After several days, everyone, including bartenders and waiters, becomes friends. It all feels like one large, occasionally bawdy family as you cheer on the surfers tackling the big waves out front. “íViva surfing! íViva cerveza!”

The Adventure Package, including all meals, drinks, and activities except scuba diving and fishing, is $98-$118 per person per night for a suite and $108-$128 per person for a villa. Call 800-365-7613 in the United States or 011-52-327-50099; E-mail the resort at
— Susan Scandrett

Green Valley Spa, Utah
I was “embracing the tiger” on top of a red-rock boulder 100 feet above the sage and creosote brush of St. George, Utah, trying to mimic the fetching tai chi instructor in her lycra sports-bra ensemble. My day had begun well before sunrise, and by 10:00 I was more than halfway through the daily eight- to 10-mile hike that led me up mountains, over precipices, through shoulder-wide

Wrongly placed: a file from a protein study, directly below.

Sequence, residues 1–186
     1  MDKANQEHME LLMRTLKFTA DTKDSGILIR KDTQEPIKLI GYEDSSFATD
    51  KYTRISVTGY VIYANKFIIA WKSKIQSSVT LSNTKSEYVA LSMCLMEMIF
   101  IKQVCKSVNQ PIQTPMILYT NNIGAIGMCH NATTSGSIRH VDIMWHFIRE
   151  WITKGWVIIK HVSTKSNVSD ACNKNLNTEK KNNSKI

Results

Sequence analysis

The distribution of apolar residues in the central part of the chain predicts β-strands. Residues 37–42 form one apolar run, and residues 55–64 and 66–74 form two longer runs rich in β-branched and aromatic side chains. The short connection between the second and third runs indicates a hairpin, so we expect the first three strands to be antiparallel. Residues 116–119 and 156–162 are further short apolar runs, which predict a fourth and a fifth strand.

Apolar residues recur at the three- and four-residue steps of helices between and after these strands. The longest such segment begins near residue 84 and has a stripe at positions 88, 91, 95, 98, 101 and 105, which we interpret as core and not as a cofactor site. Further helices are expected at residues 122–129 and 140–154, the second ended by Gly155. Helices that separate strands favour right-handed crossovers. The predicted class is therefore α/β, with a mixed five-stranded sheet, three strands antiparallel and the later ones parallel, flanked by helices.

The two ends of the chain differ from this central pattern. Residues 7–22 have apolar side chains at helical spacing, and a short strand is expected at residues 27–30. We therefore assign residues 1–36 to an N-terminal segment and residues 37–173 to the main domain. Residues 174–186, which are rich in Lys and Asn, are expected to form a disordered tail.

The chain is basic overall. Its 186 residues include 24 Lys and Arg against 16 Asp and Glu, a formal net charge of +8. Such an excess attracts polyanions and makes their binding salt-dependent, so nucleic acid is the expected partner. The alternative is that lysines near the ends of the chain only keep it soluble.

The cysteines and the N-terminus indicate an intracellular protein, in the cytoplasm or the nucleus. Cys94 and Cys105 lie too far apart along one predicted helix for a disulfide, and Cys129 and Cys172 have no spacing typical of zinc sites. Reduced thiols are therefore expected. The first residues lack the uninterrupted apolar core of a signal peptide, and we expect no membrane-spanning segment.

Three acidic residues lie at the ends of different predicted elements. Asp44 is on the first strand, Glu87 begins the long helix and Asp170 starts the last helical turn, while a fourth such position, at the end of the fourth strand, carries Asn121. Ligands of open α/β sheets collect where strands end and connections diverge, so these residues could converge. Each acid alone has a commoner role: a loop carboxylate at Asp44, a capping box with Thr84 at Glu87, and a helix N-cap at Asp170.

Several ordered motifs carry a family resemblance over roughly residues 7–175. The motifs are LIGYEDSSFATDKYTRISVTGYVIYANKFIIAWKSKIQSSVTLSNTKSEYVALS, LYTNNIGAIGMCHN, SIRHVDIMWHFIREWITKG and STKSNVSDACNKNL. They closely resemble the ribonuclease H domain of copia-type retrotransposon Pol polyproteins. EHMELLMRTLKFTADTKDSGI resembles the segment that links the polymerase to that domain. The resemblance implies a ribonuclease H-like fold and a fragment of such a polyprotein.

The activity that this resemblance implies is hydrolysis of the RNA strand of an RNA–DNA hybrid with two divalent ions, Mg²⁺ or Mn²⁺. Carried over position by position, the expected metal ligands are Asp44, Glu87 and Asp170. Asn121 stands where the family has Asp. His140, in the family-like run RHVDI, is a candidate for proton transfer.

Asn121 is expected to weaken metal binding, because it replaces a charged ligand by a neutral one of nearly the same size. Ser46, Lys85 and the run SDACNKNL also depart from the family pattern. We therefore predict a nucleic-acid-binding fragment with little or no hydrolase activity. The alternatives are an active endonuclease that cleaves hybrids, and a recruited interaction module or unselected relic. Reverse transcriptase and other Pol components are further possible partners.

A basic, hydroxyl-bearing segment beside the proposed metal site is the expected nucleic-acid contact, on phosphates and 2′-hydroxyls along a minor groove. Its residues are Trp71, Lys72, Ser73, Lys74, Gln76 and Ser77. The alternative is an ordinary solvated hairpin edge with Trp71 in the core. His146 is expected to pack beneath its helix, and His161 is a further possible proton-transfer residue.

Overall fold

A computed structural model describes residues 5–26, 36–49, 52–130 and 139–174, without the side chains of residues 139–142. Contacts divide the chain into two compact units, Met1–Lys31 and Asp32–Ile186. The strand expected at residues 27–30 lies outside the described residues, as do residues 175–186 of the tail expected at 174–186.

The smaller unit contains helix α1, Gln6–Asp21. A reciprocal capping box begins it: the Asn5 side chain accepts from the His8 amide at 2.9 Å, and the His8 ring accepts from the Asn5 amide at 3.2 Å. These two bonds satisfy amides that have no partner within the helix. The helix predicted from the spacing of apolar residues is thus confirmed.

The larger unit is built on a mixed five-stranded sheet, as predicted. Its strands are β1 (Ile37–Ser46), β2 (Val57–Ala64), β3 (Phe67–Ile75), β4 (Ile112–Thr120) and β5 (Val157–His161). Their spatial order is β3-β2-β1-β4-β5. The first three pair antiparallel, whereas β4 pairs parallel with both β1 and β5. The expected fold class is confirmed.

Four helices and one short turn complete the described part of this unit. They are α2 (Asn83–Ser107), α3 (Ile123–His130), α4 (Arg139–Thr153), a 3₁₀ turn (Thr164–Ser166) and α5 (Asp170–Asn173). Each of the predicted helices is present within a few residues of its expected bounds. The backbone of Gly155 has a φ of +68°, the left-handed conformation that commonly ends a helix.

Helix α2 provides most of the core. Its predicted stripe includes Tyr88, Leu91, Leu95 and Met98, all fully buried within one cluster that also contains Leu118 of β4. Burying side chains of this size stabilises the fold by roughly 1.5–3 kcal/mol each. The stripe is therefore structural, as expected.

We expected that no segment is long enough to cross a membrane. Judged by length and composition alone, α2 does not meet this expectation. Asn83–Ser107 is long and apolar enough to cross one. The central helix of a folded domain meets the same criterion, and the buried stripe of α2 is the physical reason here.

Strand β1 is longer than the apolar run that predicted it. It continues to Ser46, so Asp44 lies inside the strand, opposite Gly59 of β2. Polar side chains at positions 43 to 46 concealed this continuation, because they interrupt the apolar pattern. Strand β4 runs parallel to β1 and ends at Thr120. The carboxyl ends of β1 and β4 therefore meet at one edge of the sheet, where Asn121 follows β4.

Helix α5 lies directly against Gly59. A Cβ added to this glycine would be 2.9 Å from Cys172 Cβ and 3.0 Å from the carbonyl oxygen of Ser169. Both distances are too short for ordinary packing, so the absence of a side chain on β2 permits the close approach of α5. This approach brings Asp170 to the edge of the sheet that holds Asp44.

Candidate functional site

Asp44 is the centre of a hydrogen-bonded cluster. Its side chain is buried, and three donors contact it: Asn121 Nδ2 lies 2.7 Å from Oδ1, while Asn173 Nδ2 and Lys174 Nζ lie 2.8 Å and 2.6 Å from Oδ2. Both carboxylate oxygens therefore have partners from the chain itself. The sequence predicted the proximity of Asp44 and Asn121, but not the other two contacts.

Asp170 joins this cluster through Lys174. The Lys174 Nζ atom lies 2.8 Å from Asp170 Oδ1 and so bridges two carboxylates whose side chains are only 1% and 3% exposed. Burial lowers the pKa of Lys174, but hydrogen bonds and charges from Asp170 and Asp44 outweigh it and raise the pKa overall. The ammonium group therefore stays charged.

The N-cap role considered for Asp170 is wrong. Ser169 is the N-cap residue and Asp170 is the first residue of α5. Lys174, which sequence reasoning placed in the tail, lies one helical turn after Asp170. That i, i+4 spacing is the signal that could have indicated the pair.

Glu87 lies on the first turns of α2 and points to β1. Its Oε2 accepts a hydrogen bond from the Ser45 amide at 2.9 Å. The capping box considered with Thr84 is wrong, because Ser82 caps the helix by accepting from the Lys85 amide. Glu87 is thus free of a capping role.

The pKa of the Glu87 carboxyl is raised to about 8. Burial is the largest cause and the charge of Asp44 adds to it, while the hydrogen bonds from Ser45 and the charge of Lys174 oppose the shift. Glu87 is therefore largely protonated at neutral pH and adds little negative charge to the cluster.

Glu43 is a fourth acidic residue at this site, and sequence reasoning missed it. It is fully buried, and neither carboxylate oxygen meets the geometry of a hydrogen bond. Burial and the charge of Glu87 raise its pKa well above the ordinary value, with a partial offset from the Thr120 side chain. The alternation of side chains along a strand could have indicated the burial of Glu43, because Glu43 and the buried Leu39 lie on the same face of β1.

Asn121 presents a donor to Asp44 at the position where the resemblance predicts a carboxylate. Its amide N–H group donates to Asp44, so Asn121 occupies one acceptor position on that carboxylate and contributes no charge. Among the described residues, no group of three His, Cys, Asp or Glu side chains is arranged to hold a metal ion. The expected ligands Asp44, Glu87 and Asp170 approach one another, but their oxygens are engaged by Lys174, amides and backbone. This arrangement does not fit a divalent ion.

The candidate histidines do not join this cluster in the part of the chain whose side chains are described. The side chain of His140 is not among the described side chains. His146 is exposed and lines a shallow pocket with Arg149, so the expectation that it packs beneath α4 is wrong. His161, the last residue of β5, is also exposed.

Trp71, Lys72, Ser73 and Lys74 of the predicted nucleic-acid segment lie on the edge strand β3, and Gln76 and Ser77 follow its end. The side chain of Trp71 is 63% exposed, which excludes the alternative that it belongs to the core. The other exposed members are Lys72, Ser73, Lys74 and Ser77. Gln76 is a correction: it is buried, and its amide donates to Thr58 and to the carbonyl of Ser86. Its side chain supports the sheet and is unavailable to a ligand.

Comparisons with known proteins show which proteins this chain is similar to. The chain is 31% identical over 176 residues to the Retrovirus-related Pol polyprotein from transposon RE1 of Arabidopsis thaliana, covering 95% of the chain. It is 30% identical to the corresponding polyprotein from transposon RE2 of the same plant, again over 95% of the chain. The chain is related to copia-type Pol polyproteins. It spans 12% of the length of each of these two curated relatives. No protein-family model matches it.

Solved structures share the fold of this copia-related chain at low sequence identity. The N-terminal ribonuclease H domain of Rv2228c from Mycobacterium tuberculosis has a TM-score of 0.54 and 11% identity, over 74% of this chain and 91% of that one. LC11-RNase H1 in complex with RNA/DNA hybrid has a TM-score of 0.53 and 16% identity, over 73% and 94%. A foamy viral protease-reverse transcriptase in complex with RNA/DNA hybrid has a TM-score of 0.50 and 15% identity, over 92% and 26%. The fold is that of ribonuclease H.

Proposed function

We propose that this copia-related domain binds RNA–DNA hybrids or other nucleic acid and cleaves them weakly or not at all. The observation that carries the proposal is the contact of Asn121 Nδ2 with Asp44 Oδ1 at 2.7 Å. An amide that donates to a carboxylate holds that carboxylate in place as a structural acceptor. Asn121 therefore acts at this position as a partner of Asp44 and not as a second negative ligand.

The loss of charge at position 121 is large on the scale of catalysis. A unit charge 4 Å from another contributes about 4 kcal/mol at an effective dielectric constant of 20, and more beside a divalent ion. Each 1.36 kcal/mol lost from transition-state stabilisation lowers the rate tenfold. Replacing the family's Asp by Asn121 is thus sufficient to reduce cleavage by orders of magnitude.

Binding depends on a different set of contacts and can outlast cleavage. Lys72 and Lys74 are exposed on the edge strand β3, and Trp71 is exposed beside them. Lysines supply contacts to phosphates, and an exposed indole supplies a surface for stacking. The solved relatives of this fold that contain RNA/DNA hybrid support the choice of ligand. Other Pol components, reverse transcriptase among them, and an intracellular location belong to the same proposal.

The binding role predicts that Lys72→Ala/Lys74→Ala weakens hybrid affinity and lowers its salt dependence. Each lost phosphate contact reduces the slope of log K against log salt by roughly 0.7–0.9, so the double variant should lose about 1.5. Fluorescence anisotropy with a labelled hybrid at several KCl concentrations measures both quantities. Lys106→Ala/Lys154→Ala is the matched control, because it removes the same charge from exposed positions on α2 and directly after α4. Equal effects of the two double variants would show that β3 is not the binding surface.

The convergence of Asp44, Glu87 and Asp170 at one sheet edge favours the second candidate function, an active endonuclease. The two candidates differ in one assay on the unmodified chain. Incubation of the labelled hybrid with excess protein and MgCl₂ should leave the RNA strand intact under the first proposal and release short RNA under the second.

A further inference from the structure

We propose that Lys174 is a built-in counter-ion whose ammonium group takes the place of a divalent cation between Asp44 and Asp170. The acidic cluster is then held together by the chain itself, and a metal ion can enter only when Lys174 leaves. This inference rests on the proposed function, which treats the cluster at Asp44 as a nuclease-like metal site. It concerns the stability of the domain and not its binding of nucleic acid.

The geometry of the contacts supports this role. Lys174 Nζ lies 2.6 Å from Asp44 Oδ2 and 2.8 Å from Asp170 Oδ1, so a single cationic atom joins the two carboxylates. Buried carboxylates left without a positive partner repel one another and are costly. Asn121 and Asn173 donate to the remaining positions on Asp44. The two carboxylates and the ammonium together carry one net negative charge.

canyons, and down vertiginous cliffs that made the circling vultures take notice.

You get more than a rubdown and a terry-cloth robe at Green Valley Spa. Try Outward Bound meets Don Juan at the sweat lodge. I scaled a 5.8 pitch, then had a shamanic reading, a cranio-sacral massage, and a cinnamon-sugar “uplift” facial. I purified my body with a caffeine-free, high-fiber, gourmet diet; stretched and toned it in Edgu; and waxed and buffed it with a series of
natural beauty products that “smell so good, the guests think they’re edible.”